survived a severe head wound, told police just prior to the trial that she saw the defendant enter the front door on March 19, returned to bed, later heard screaming and ran downstairs to see Mozelle J. Evans and George D. Healey falling. [Note 2]
The defendant claims that the "bizarre" nature of the crimes with which he stood charged and the strong evidence against him should have prompted his trial counsel to investigate and discuss with him the possibility of raising a defense of lack of criminal responsibility. He attributes the failure to make this investigation to the diverting influence of his counsel's personal financial problems. Since we do not agree that the trial counsel was obligated in this instance to make such an investigation, we do not reach the issue of his motivation. We note in the margin, however, some of the trial judge's pertinent findings on that question. [Note 3]
In considering a claim of ineffective assistance of counsel, we make the two-part determination "whether there has been serious incompetency, inefficiency, or inattention of counsel -- behavior of counsel falling measurably below that which might be expected from an ordinary fallible lawyer -- and, if that is found, then, typically, whether it has likely deprived the defendant of an otherwise available, substantial
ground of defence." Commonwealth v. Saferian, 366 Mass. 89 , 96 (1974). See Commonwealth v. Rondeau, 378 Mass. 408 , 412-413 (1979). The record before us, including the proceedings before the judge who heard the motion for a new trial, does not support the defendant's post-trial contention that his mental state might have been raised as a substantial ground of defense on the facts known to or ascertainable by his attorney. The defendant had no history of mental disturbance or treatment. Cf. Commonwealth v. Prendergast, 385 Mass. 625 (1982); Commonwealth v. Gould, 380 Mass. 672 (1980). He had served honorably for twenty years in the United States Navy, retiring in April, 1977, with the rank of First Class Petty Officer. Before trial he had been ordered examined and found competent to stand trial, "well oriented and in good contact . . . [having] no hallucinations or delusions . . . [able to] differentiate between right and wrong . . . not [showing] any psychotic manifestations." The examining psychiatrist concluded that "[t]he charges against him are quite serious. It is possible under stress he may be capable of committing serious acts. Perhaps a further study at Bridgewater may be advisable." The content of this report bears on the issue of trial counsel's knowledge of the defendant's mental condition. Osborne v. Commonwealth, 378 Mass. 104 , 112 n.7 (1979). We agree with the judge that the psychiatrist's findings did not indicate a lack of criminal responsibility, and that his suggestion of further study, "based on no more [than] a mere possibility that under stress the defendant might be capable of serious acts . . . would be a slim reed on which to build an insanity defense." We conclude that the facts known or accessible through minimal diligence to the trial counsel were not sufficient to raise a reasonable doubt as to the defendant's mental condition. Osborne v. Commonwealth, supra at 111. Trial counsel's objection to further psychiatric examination proposed by the Commonwealth was reasonable with respect both to the evidence he had of his client's mental condition and to his client's unswerving insistence that he was innocent. At the hearing on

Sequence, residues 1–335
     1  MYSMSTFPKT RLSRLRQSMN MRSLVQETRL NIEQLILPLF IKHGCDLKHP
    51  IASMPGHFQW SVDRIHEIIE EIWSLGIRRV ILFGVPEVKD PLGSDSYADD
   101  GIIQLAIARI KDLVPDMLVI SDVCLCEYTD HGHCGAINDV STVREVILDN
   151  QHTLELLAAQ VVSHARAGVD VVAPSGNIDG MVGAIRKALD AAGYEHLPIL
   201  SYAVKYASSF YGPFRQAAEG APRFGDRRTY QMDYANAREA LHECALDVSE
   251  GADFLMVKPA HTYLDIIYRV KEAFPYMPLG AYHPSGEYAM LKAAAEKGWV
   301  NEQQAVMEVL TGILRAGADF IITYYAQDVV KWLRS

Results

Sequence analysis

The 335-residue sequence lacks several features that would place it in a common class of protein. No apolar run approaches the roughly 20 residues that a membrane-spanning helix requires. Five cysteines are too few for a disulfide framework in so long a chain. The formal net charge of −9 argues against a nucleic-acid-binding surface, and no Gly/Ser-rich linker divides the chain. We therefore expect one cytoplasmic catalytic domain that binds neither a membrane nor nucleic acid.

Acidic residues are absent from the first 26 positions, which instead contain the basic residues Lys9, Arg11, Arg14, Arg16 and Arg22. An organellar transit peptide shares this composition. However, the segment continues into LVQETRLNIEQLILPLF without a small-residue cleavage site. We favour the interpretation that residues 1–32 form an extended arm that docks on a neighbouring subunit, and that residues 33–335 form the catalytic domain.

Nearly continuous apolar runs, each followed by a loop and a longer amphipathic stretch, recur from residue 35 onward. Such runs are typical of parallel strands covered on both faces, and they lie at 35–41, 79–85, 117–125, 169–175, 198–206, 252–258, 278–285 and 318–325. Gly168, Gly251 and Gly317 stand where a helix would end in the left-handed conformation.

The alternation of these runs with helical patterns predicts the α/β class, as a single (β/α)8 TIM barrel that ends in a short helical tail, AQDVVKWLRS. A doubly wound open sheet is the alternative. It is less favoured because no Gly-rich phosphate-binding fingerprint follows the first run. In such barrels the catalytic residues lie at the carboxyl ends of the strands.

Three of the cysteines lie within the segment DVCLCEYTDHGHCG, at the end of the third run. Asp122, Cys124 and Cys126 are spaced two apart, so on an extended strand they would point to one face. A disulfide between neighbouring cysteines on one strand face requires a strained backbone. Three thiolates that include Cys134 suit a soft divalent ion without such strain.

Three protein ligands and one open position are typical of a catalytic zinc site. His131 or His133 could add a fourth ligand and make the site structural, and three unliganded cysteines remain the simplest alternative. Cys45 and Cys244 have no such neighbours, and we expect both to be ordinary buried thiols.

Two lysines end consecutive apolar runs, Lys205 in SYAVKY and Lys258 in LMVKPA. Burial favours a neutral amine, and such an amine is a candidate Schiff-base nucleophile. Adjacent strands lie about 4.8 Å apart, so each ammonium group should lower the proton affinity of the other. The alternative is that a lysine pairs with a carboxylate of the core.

the motion for a new trial, trial counsel testified that he had urged the defendant to be truthful with him, explaining that this would determine how the charges would be defended. The defendant maintained his innocence throughout the trial, taking the stand and denying he had fired the shots. He repeated this denial at the posttrial hearing. Assuming the possibility of requiring the Commonwealth to prove both capacity and commission, it is too plain for discussion that the exhibition to the jury of the defendant as a lucid witness maintaining that he did not commit the acts could only weaken and be weakened by an alternative defense that he lacked legal responsibility for those acts.
Without passing upon the defendant's characterization of these crimes, their "bizarre" nature would not, standing alone, have been sufficient evidence of lack of criminal responsibility to raise a jury issue. Osborne v. Commonwealth, supra at 111. See Commonwealth v. Mattson, 377 Mass. 638 , 641-645 (1979). Moreover, there was evidence here that the crimes were not senseless but specifically motivated and deliberately planned and executed. The mere fact that the evidence against the defendant was very strong would not have justified asserting an unwarranted defense. In all the circumstances, including the testimony received on the motion for a new trial, we will not fault trial counsel for failing to explore a defense which the record does not show could reasonably have been raised. Commonwealth v. Stevens, 379 Mass. 772 , 774 (1980). See Commonwealth v. Bernier, 359 Mass. 13 , 21-22 (1971).